Changes to our services due to the pandemic: see Opening Times, Cafeterias and Stores (within Plan your visit) | 15 May 2021: Convent of the Capuchos closed on its regular opening times; traffic interruptions in Sintra due to the "Rali das Camélias" (see How to get there, within Plan your visit)
This section, which makes up the central volume of the Palace and was one of the areas most severely affected by the 1755 earthquake, displays many of the different histories that make up the reconstruction and reconfiguration of the Palace of Sintra.
When the Arab Room now stands, there was formerly a tower that saw its upper floor collapse. The fountains and the Mudejar tiles were a development during the reign of King Manuel I. This reconstruction also represents a moment of interpretation of the Palace’s past.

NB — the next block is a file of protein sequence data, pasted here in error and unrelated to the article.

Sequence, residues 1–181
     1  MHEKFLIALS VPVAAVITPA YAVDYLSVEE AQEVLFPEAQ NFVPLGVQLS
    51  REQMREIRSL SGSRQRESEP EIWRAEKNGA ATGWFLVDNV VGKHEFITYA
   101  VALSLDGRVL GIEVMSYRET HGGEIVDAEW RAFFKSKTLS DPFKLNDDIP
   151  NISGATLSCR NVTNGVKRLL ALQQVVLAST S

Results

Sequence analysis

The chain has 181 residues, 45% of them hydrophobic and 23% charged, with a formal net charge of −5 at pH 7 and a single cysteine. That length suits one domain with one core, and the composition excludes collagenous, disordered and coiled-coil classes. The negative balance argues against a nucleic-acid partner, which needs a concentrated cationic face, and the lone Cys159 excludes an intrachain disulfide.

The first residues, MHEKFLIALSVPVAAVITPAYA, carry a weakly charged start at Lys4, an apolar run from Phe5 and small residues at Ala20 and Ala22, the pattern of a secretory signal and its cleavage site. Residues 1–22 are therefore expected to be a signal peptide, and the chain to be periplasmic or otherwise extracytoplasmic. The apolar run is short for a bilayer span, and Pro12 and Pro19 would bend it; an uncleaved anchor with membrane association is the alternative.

The water and the tiles were both seen, within the Western imaginary of the 19th century, as facets of the Islamic world. Immediately, and despite their being no existing remains from prior to the Christian period, the Palace became a symbol of the Moorish legacy in Portuguese culture.